The court ruled that Ford violated more than 3,000 dealership agreements in 2002 by overcharging its outlets for about 474,000 trucks. The judgment is for $781 million but it also includes a hefty $1.2 billion in interest. The automaker said in a statement last week that it plans to appeal the ruling.
UPDATE: Following a slight dip in stock prices, Ford has issued additional clarification regarding its stance and view on the judge's ruling. David Leitch, Ford's general counsel explained, "The evidence we presented at trial showed clearly that the former Competitive Price Assistance program - which was a common practice formerly used by companies selling in the extremely competitive medium- and heavy-truck market - resulted in thousands of additional sales benefiting our customers and dealers, and it did not violate our agreement with dealers."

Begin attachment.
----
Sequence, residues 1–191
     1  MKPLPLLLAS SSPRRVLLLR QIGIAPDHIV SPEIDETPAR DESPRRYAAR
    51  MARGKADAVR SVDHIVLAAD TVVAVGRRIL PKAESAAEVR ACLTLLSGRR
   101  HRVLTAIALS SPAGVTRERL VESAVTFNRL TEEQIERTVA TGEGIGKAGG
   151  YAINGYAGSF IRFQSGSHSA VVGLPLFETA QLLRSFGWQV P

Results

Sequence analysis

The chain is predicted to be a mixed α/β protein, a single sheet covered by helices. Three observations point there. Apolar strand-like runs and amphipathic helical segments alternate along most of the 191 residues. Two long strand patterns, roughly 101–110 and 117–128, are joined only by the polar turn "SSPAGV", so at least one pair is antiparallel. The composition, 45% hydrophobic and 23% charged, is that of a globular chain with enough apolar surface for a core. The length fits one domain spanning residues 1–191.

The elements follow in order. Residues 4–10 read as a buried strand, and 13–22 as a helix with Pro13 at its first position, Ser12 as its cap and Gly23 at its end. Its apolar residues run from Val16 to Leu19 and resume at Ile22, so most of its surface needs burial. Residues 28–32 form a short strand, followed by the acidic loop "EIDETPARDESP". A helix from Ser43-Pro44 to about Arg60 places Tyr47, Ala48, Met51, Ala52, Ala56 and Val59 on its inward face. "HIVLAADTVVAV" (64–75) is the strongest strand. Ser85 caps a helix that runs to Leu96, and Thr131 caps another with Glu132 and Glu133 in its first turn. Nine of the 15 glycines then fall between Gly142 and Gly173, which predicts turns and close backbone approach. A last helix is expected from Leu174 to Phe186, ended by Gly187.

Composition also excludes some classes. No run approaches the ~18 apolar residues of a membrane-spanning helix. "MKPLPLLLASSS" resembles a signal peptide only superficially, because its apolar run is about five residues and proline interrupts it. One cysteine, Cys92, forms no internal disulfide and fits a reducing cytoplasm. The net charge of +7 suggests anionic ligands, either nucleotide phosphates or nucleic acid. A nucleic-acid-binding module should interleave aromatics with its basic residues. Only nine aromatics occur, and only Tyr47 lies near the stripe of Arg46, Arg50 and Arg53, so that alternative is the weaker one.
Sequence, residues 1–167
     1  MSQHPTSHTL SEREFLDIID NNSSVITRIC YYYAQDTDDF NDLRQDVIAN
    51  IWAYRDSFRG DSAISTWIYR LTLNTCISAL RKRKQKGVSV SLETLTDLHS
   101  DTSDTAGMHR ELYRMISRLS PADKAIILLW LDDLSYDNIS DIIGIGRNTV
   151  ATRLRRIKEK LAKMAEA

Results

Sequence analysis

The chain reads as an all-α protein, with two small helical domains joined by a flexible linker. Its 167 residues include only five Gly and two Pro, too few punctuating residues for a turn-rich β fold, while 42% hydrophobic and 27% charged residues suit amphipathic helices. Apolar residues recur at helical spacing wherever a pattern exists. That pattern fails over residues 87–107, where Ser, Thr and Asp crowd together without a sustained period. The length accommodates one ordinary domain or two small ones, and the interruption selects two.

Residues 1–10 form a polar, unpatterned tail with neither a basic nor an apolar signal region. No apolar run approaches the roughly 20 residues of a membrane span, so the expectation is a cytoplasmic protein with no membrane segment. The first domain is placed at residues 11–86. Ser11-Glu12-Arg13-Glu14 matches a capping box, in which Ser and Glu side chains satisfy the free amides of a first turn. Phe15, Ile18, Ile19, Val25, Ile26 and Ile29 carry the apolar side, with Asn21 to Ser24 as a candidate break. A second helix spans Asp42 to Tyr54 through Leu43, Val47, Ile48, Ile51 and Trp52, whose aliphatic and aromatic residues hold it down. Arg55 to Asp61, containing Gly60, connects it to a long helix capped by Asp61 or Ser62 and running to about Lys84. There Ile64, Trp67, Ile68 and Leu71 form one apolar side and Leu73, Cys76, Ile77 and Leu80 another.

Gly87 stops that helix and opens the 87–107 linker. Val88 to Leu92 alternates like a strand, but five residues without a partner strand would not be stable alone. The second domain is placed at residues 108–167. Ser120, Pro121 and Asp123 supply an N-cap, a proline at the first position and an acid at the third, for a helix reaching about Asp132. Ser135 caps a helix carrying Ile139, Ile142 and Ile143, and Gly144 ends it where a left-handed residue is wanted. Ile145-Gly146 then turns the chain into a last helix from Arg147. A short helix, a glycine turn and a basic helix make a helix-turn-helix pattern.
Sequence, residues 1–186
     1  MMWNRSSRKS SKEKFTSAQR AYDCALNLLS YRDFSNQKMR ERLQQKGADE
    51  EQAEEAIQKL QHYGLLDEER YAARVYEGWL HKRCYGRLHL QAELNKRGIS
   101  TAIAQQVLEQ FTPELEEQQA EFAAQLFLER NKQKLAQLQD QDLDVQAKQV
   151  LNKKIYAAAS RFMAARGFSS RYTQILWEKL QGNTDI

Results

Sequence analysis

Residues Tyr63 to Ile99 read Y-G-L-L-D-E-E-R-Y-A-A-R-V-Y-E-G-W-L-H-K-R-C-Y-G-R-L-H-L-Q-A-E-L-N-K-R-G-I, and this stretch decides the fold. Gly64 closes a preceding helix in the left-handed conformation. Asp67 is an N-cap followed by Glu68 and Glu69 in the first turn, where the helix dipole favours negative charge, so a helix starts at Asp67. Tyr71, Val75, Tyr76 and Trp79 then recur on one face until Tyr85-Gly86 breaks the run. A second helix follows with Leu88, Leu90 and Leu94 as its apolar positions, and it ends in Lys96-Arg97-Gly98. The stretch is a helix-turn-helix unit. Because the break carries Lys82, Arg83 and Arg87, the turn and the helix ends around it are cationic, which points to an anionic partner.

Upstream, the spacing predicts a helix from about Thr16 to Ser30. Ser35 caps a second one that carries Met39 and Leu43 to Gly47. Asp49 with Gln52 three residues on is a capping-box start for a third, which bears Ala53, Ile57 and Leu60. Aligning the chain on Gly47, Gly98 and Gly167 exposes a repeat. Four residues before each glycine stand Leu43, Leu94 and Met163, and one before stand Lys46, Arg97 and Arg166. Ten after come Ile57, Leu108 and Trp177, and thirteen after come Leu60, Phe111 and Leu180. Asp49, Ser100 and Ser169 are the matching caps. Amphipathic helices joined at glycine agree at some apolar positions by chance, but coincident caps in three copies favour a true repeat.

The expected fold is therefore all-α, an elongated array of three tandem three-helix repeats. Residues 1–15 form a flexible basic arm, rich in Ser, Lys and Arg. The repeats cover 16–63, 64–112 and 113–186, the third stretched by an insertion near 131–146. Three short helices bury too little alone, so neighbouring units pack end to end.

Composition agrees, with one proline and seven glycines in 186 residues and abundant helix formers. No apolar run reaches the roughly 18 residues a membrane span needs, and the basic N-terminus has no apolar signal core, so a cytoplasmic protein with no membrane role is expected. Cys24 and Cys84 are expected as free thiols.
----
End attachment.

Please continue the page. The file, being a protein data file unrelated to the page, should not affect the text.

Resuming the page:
Leitch went on to explain why Ford in particular disagreed with the way the judge went about establishing the total amount to be paid, "We believe among the most egregious errors was the decision to apply alleged damages from this one case to each and every dealer in the class without allowing any evidence of how other dealers might have been affected."
"We believe that the trial court committed significant legal errors. Ford will appeal the judgment and we are confident that it will be reversed,"ť the automaker's statement said.
The class action suit included all dealers that purchased a Ford F-600-series truck between 1987 and 1997 and it says that Ford failed to tell its dealers that some outlets received price concessions as part of a complex wholesale discount scheme called CPA. The suit alleged that Ford used the system to unfairly benefit some dealers at the expense of others by overcharging some showrooms and secretly discounting other outlets.
The suit was filed by Youngstown, Ohio-based Westgate Ford Truck Sales, Inc., which was awarded $4.5 million in damages and $6.7 million in interest.
1.'Judge in Ohio...' view